Gears should select cleanly. The gearbox shouldn’t feel sloppy and should be generally quiet, though you may hear just a little transmission whine from the transfer-box. If you’re looking at a tow-vehicle, do the kangaroo test by going on and off the accelerator. That reveals transmission backlash.
Typically there’ll be wear, but it’s all fairly simple stuff apart from the A-frame balljoint. It’s mostly DIY, and can make big improvements.
The rubber bushes on the rear shock absorbers seem to go but they’re only pence, easy to change. Make sure the Land Rover handles precisely and goes where it’s pointed. Serious deterioration of bushes can result in a degree of rear steering as the axles get out of alignment.
If the vehicle has a raised suspension drive it for a while to see how you get on.
Look at the discs. There should only be rust at the outside edges.
If the ABS light won’t go out, that’s commonly a simple earth fault.
Very often owners don’t notice brake problems. Rear calipers can stick on, or get full of mud and seize.
It’s easy to see leaks – oil and grime under the steering box. Seal kits are a waste of time, instead fit a reconditioned box.
Vagueness in the steering will be the drop pin, the first thing after the steering box. They wear pretty quickly, which means a lot of play at the wheel. Front axle swivels don’t show leakage like earlier models because they’re filled with semi-fluid grease, but can still suffer from internal wear.
The pipe between the power-steering reservoir and pump can also chafe on the lip where the sump bolts to the engine, eventually wearing right through.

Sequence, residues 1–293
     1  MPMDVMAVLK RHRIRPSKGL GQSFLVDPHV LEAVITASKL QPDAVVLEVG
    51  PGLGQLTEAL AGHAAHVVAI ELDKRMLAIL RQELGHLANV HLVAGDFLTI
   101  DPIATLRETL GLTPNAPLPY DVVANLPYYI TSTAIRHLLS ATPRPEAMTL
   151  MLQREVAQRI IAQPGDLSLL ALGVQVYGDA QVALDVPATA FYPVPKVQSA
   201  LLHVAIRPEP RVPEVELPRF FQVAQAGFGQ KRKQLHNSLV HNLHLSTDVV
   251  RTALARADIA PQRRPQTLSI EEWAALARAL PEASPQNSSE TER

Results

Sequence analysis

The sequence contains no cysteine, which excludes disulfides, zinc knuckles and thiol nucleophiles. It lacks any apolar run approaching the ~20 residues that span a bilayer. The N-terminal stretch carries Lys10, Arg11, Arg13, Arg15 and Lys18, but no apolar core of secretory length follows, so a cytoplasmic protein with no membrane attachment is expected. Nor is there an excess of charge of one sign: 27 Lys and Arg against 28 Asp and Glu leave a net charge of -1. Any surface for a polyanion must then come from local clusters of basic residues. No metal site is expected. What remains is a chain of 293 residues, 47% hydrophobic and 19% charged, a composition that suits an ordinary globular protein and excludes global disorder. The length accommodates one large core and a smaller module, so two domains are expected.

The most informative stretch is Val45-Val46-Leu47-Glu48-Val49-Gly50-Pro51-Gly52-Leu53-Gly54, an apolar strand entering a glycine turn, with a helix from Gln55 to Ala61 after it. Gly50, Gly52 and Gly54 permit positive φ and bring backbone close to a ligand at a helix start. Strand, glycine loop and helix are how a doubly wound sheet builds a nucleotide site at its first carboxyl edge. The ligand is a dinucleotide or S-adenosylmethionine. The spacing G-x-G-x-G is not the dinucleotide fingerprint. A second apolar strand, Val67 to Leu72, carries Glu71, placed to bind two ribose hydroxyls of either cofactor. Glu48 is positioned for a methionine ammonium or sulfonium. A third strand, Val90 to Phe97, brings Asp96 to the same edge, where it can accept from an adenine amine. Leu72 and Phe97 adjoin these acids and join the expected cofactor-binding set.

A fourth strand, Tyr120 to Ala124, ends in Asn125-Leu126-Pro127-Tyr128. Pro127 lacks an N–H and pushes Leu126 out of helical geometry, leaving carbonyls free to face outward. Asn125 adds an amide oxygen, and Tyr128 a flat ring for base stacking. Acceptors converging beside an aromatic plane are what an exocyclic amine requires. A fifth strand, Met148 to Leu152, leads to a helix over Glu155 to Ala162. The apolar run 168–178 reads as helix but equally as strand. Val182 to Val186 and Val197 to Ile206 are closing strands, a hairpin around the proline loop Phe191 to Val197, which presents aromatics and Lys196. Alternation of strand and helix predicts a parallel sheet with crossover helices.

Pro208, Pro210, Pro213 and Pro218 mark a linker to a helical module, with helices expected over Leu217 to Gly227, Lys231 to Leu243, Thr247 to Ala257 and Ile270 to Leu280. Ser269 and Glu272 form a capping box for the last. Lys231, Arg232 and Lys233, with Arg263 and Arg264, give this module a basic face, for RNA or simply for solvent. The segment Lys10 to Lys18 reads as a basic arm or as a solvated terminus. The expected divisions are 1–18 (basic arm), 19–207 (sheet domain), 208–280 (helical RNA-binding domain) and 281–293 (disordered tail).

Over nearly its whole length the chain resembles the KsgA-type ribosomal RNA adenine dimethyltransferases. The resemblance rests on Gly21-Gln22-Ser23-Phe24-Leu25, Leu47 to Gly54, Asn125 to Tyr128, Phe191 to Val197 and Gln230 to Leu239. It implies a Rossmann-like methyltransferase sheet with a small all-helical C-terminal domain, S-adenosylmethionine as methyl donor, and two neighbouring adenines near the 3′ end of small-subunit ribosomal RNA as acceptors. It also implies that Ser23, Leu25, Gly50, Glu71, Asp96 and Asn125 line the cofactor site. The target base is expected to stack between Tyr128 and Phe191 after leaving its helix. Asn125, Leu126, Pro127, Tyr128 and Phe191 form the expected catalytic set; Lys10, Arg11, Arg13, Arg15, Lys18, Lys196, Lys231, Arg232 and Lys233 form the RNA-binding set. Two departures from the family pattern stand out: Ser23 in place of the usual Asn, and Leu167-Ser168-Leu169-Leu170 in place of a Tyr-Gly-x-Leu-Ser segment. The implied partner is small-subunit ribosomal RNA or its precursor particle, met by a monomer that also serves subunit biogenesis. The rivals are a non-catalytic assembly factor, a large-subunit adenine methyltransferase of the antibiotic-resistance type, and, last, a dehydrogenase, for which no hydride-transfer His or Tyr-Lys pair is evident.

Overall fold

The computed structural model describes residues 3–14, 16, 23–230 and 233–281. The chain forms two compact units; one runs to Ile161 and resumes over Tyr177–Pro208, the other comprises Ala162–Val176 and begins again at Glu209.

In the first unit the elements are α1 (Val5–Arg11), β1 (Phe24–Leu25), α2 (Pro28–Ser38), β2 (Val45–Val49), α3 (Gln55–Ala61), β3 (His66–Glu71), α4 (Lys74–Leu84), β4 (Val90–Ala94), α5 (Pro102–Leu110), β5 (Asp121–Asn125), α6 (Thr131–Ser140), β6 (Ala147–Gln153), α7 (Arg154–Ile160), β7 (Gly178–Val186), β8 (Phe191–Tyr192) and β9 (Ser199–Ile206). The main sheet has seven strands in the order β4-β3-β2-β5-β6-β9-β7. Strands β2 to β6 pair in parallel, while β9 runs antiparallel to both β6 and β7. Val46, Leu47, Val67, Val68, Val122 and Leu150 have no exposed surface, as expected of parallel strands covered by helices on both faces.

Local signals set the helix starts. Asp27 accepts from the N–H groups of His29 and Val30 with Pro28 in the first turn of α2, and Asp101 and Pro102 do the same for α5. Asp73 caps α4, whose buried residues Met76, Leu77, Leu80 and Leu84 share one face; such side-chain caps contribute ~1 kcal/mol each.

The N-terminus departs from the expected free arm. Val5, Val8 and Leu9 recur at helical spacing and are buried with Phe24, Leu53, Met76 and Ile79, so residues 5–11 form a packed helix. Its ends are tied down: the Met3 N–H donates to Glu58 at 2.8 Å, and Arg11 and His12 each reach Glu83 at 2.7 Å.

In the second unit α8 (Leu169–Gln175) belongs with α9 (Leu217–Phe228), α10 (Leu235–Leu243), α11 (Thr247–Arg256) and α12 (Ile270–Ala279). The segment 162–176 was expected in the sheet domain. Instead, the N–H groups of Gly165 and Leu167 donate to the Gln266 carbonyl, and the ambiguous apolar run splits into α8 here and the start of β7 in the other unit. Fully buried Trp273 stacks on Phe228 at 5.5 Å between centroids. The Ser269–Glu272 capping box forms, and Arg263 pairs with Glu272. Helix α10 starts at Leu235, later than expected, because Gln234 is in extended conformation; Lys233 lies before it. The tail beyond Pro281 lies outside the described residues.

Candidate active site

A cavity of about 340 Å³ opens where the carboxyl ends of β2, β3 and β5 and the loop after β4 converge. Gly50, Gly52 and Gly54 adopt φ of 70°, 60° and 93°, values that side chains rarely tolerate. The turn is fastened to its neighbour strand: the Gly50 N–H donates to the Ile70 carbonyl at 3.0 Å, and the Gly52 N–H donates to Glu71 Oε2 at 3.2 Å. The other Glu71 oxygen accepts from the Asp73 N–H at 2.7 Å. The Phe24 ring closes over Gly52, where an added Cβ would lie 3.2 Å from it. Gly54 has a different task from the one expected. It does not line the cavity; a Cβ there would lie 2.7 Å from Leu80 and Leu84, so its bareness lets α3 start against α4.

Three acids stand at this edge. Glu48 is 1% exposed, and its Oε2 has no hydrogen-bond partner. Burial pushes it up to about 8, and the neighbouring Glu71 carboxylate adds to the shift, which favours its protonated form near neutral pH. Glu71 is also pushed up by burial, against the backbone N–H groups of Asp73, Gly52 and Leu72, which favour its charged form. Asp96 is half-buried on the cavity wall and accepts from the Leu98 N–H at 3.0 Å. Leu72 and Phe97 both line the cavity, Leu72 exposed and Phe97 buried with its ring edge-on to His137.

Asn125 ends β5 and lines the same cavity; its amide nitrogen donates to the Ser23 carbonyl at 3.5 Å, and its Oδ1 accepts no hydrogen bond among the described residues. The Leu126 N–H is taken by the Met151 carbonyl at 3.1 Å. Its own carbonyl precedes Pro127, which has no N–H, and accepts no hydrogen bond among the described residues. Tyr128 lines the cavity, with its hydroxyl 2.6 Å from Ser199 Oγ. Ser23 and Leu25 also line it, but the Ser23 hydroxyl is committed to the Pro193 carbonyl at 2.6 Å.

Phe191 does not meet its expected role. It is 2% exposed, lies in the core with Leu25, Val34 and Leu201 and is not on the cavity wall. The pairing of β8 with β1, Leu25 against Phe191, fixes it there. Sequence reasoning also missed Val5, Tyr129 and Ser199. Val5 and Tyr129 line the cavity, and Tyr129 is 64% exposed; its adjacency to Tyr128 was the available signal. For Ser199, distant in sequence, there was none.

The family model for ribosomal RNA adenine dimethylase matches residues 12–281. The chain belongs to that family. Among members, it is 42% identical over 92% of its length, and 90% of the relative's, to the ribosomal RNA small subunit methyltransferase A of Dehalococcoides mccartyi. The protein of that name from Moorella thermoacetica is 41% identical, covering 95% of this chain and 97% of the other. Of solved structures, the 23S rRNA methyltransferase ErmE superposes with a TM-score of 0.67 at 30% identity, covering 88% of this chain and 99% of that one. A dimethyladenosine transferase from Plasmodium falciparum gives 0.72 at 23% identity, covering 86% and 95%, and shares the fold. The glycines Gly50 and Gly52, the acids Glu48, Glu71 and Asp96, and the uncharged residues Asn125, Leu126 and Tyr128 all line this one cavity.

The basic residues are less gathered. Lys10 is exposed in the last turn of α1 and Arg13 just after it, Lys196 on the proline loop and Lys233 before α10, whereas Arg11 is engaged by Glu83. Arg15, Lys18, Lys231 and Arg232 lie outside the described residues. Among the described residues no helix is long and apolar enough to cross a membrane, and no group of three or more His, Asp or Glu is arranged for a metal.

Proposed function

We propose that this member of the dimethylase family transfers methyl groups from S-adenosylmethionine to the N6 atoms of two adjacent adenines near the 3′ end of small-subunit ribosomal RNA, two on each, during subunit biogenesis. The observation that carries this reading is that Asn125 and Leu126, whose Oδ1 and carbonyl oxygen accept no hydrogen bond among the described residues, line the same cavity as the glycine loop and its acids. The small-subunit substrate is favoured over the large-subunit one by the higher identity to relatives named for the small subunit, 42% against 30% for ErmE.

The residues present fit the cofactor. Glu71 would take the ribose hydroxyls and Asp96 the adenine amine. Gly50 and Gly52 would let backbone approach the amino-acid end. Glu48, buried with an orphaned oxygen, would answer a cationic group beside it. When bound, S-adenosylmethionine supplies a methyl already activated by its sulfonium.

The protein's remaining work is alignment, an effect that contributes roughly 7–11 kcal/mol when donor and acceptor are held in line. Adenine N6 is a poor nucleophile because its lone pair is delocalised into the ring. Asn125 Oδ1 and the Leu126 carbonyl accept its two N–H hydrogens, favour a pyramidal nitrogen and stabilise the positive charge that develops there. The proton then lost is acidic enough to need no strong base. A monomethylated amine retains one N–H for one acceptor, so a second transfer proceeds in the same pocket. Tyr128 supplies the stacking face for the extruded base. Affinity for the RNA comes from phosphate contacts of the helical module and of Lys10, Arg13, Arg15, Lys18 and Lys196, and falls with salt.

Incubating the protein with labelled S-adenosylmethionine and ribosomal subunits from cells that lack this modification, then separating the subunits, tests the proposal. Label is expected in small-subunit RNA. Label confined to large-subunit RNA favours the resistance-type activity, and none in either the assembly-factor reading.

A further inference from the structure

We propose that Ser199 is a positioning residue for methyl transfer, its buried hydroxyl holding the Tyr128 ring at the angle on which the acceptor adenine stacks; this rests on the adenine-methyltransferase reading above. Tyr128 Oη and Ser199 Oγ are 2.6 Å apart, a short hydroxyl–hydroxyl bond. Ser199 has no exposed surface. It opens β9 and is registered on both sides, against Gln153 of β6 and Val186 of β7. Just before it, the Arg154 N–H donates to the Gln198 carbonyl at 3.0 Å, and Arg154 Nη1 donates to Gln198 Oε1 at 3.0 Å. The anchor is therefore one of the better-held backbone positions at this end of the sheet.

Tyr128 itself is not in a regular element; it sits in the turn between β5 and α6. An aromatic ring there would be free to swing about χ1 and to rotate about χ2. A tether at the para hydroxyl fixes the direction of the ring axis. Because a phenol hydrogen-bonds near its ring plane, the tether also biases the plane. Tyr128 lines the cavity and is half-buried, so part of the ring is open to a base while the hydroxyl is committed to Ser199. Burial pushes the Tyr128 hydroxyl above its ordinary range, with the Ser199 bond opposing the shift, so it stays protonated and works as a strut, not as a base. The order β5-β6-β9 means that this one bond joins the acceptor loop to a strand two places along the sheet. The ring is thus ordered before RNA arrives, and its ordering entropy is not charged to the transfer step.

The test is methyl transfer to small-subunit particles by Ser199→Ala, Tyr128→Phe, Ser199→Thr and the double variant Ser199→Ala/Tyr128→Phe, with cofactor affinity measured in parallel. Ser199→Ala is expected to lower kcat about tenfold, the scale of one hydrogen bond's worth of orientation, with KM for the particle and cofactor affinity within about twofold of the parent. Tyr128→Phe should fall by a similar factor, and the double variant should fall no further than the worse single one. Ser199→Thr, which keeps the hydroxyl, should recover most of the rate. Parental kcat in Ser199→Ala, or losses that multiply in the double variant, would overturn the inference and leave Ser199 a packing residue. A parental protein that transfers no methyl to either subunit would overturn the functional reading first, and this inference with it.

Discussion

Despite the introduction of electronics, you’re unlikely to get any serious electrical issues, apart from oil ingress at the injector harness (mentioned above).
You need a good earth from the engine and gearbox to the chassis, or you might get all sorts of weird and wonderful problems – lights on the dash, battery light comes on dim, heater plug lights, all sorts.
The engine ECU in the right-hand seatbox is a concern when wading. It can be re-located on the inner bulkhead between the driver and passenger seats.
EXTERIOR, BODYWORK AND TRIM
Rear crossmembers are the most common rust areas. Never take a Land Rover chassis for granted – inspect it carefully. Bulkheads aren’t so bad as Tdi examples, but they still need checking all over.
On the steel-and-aluminium doors, the steel frame rusts away at the bottom. Check the door frame nearest to the handle, as they crack here.
Station Wagons need to be genuine to command Station Wagon price – many 90s have been updated with windows, so check the V5C.
In certain postcodes, some insurance companies simply won’t insure Defenders due to the ease of theft. Even if you invest in thief-proofing, lowlifes will quite likely cause damage having a go.
INTERNAL STRUCTURE AND INTERIOR
Basic and functional. A re-trim is DIY-possible.
The usual front-cab configuration is two front seats and a cubby box, though it was possible to specify a middle front seat.
If there are electric windows, make sure they work.
Door seals often leak, so replace them with Genuine Parts seals.